Mine Train Through Nature’s Bafflingly Sexist Wonderland

Disneyland’s Mine Train Through Nature’s Wonderland closed in 1977 (according to Wikipedia), and by the first time I went to the park, its replacement Big Thunder Mountain Railroad had already become a 20-year-old classic. So I never saw the original ride, but knew just enough about it to be able to recognize references to it.

For instance, one of the best Mickey Mouse shorts, Nature’s Wonderland, is full of references to the entire history of the ride, from the Rainbow Caverns to Big Thunder Mountain, and even Disneyland itself. I’ve seen this one several times, and patted myself on the back for catching the references, but I never knew how much was being referenced.

Fortunately, someone on YouTube compiled a full ride-through of the Nature’s Wonderland attraction, combining a recording of the original voiceover with restored film and photos from various sources at the appropriate points. It’s fascinating to see the whole thing put together after years of seeing and hearing about specific scenes and saying, “Yeah, I get it.” Some things I never realized:

  • How long and meandering it was. Everything was a lot more leisurely back in the early days of Disneyland, before concerns about capacity ruled everything.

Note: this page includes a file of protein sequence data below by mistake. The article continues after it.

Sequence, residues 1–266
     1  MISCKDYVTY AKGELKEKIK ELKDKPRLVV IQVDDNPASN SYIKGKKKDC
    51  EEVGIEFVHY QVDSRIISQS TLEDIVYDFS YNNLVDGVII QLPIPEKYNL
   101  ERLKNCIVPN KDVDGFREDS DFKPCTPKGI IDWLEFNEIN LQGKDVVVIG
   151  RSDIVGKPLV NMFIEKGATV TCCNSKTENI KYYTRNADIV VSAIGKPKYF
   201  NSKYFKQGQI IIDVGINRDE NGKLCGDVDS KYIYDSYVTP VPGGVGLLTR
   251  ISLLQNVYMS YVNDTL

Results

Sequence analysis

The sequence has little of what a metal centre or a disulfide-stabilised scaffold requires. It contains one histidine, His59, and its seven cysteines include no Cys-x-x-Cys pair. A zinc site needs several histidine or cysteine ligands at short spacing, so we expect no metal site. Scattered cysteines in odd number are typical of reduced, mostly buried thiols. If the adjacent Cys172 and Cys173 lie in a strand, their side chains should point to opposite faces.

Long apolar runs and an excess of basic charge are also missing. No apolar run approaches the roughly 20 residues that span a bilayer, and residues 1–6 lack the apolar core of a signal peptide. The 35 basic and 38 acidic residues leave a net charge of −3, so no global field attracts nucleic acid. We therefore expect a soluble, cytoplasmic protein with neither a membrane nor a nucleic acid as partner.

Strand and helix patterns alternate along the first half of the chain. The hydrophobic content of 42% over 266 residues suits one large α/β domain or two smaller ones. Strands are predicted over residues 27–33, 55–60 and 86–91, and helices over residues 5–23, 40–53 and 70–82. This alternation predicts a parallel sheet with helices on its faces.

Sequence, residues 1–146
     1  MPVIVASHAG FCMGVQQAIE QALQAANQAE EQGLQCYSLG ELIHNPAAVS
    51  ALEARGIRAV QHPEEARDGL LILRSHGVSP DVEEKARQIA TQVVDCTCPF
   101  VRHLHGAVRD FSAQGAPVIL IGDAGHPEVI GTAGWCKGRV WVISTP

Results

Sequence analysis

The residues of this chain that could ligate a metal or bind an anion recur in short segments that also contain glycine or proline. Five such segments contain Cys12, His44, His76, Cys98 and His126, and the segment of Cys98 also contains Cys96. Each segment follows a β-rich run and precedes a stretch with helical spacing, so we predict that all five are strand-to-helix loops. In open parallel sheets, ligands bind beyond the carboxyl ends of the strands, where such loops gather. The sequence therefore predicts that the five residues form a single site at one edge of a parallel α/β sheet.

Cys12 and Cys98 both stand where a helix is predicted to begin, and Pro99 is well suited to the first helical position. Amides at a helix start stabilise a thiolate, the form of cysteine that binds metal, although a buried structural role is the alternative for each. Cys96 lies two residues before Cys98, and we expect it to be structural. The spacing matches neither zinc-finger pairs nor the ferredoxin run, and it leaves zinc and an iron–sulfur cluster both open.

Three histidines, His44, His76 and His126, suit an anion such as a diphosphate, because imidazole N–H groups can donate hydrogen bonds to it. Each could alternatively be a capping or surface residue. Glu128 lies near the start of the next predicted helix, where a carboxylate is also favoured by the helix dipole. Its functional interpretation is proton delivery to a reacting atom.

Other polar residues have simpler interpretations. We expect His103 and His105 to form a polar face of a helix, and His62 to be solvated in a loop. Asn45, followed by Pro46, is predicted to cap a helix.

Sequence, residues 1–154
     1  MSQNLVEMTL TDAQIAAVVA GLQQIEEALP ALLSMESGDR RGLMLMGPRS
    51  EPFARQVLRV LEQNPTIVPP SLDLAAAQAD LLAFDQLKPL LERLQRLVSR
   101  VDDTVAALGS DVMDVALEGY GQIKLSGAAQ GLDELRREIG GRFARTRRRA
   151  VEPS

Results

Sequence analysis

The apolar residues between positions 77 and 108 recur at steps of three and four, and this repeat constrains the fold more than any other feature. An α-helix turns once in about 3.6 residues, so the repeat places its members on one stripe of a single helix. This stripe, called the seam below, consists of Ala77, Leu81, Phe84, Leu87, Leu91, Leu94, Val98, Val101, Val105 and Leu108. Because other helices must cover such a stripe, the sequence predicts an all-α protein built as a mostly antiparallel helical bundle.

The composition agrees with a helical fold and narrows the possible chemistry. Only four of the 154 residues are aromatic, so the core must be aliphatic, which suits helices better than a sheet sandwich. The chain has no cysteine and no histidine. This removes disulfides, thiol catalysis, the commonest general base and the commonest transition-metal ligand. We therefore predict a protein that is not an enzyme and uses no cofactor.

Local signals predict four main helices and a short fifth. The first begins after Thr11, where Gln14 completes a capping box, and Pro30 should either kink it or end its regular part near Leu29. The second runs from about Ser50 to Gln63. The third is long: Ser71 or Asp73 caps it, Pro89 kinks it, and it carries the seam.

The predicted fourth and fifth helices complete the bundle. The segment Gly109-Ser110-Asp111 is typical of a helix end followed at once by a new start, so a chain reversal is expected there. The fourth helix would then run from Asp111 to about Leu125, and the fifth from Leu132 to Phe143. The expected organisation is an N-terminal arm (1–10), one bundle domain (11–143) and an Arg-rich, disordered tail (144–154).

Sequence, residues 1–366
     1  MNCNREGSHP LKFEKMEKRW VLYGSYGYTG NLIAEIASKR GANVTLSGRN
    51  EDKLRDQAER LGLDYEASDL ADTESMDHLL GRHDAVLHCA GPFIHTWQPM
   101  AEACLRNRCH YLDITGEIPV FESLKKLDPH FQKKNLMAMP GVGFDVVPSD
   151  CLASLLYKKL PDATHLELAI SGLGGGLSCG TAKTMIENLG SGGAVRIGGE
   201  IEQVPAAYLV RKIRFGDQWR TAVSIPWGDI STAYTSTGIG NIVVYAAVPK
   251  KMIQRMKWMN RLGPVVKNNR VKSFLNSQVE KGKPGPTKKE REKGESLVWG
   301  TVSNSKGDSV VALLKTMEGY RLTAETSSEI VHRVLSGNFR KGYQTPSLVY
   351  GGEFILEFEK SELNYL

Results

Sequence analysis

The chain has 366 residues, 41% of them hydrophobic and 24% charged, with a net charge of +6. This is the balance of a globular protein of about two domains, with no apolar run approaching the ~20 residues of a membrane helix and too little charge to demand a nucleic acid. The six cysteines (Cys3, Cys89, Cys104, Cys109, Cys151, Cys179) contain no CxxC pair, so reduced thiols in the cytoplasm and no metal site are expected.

• It puts the Calico Mine Train at Knott’s into better context, which has seemed to be this weird outlier among any other theme park ride I’ve seen.
  • I never appreciated just how much Big Thunder Mountain Railroad calls back to Nature’s Wonderland, from Rainbow Ridge and the rainbow caverns, to the dinosaur bones at the end.
  • I never appreciated how bafflingly, unnecessarily sexist the original voice-over was.

It’s almost comical how often the narration veers off into “ahhh, women, am I right, fellas?” for no reason. I’m guessing this was part of the good-natured comedy that was injected to keep the rides at Disneyland from being too dry, as they were in their original incarnations. Regardless, it’s kind of a stark reminder of how much the parks have evolved over the years.

It seems especially relevant now, since Disney has changed the opening of its fireworks shows from the traditional “Ladies and gentlemen, boys and girls…” to a more generalized and inclusive one. As usual, people are complaining about political correctness, seemingly oblivious to the fact that the parks have been updated to be more inclusive to guests for decades. And they haven’t lost their classic charm, either.

Complaints from self-proclaimed “traditionalists” depend on the erroneous idea that things have always been a certain way, and it’s modern special interests trying to ruin everything to fit their own special agendas. What they ignore or deny is that the “traditional” versions were a special interest imposing their own special agenda on everyone — it’s not as if everyone in 1960 was delighted to hear needless misogyny (no matter how seemingly gentle) on a theme park ride. It’s a safe bet that a lot of Disneyland visitors found it grating, but not enough to make a big deal out of it or anything.

Remember that the next time you see some chucklewit complaining about encroaching wokeness. Take a step back and realize how changes made for the purposes of inclusivity have been happening forever.